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Barriers to be removed for much-needed migration lawyers

Barriers to be removed for much-needed migration lawyers

By Karin Derkley



A change to the regulatory regime governing migration lawyers will bring down barriers for pro bono lawyers who want to help asylum seekers apply for refugee status as well as those wanting to work in migration law generally, say those working in the field.

Following a review of the migration agent sector, a Federal parliamentary committee has recommended passing legislation that will permit lawyers to offer their services independently of the regulatory body for migration matters.

The LIV has long campaigned against the requirement that any lawyer working in the area of migration law has had to be registered with the Office of the Migration Agents Registration Authority (OMARA), describing the process as “unwarranted, time consuming and expensive”.

Immigration lawyer Carina Ford, a member of the LIV Migration Law section who was also involved in the LCA campaign to end the dual regulation, says the regime has been contrary to the best interests of the migration advice industry by discouraging lawyers from practising in the area.

“There is a shortage of lawyers working in this area at the same time as there is huge demand for lawyers to assist in these areas,” Ms Ford says. “Unlike all other lawyers we’ve had two regulatory bodies, and had to pay an extra fee per year for each lawyer in the firm – around $1600 per person.”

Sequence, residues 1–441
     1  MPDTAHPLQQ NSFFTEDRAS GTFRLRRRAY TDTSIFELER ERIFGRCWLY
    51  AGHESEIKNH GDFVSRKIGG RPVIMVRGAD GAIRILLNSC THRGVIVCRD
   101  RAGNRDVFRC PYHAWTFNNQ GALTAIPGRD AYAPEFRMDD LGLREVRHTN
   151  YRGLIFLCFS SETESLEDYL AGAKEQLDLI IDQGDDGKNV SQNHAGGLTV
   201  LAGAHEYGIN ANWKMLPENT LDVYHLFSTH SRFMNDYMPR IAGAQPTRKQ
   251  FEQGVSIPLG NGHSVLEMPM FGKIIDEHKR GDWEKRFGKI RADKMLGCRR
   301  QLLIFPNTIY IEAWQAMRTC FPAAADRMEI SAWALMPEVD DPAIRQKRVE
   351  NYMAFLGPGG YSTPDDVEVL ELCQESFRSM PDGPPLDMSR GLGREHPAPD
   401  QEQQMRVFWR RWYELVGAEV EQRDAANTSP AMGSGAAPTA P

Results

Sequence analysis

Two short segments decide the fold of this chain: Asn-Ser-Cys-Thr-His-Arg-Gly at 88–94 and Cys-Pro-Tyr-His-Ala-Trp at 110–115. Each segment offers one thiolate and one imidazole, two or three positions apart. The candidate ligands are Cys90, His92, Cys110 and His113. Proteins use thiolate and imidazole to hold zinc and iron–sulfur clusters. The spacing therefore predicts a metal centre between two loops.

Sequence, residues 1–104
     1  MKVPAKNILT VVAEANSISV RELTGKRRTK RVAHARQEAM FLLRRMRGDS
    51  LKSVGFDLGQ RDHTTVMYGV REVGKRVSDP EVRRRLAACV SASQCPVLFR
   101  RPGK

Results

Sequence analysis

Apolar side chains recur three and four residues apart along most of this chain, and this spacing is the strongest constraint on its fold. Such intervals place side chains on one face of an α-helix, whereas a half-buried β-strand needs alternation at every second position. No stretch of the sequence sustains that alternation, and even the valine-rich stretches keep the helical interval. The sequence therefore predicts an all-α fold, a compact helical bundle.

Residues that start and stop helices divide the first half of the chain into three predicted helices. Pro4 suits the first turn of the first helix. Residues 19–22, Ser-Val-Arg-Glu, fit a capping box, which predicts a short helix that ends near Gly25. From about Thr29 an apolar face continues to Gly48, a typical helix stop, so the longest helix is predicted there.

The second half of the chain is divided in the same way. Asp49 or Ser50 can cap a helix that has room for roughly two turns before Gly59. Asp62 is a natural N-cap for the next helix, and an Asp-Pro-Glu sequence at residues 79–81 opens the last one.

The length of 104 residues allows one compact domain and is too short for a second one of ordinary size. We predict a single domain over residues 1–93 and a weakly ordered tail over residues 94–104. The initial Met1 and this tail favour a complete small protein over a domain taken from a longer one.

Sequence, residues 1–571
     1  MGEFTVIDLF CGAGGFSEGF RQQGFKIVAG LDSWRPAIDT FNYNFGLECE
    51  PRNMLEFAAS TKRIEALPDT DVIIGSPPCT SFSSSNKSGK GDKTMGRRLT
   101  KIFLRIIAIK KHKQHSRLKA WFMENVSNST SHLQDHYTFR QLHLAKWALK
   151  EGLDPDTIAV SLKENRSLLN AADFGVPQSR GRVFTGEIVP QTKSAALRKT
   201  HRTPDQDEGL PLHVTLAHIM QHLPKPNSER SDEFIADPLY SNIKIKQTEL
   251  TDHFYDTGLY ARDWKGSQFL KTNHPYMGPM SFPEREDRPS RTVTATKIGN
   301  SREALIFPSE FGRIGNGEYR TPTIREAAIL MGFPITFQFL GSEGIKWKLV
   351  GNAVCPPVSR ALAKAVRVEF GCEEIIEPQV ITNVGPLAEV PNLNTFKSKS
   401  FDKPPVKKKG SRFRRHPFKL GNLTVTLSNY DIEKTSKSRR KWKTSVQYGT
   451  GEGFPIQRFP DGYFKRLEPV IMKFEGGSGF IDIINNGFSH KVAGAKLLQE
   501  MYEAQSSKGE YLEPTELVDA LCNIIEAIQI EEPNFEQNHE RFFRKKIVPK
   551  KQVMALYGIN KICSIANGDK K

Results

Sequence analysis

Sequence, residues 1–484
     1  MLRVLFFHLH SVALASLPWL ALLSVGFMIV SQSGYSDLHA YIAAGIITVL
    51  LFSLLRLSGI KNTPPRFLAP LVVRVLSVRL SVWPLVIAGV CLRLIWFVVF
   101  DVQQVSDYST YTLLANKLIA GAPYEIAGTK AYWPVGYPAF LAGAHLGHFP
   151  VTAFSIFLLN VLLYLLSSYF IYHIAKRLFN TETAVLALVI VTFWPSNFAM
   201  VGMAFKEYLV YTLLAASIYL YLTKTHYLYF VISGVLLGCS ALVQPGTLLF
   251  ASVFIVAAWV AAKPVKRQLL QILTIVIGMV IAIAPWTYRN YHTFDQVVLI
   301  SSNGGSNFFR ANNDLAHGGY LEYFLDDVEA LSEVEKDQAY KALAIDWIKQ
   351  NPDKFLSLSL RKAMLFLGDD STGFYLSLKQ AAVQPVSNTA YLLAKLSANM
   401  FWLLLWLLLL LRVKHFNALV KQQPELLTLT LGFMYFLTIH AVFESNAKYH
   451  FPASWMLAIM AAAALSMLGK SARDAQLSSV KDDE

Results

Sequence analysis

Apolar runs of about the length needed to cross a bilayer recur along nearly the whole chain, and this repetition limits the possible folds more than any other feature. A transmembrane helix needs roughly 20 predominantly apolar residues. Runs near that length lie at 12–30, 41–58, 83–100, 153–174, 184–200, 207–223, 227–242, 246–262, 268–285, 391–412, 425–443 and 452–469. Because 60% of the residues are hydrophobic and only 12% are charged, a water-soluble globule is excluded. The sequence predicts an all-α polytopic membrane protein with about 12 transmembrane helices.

“If you were just starting up and you knew you had to pay $1600 upfront to register, you might think, well maybe that’s not for me.”

At Justice Connect, which recruits pro bono lawyers to assist with asylum seekers applying for refugee status, the recommendation has been warmly welcomed. “It’s been a long time coming,” says Alan Yang, Justice Connect’s manager of public interest law.

“Ending that requirement will remove a huge barrier for pro bono lawyers wanting to help out in this area.” Justice Connect, along with Refugee Legal and the Asylum Seeker Resource Centre have been involved in processing the “legacy caseload” of around 31,000 people across Australia who were caught up in the Federal Government’s demand they fast-track their applications for a temporary protection visa.

Many lawyers who have wanted to help asylum seeker applicants with their applications and interviews have been put off by the requirement that they be registered as a migration agent, a time-consuming process that included having their name advertised on the OMARA website for 30 days before they could act as volunteers, Mr Yang says.

“We’ve had an unprecedented legal need and we’ve been working to encourage pro bono layers to get involved – but that requirement to become a migration agent has been a real obstacle.”

Removing the requirement will make for a much better system that will encourage more lawyers to get involved, Mr Yang says.

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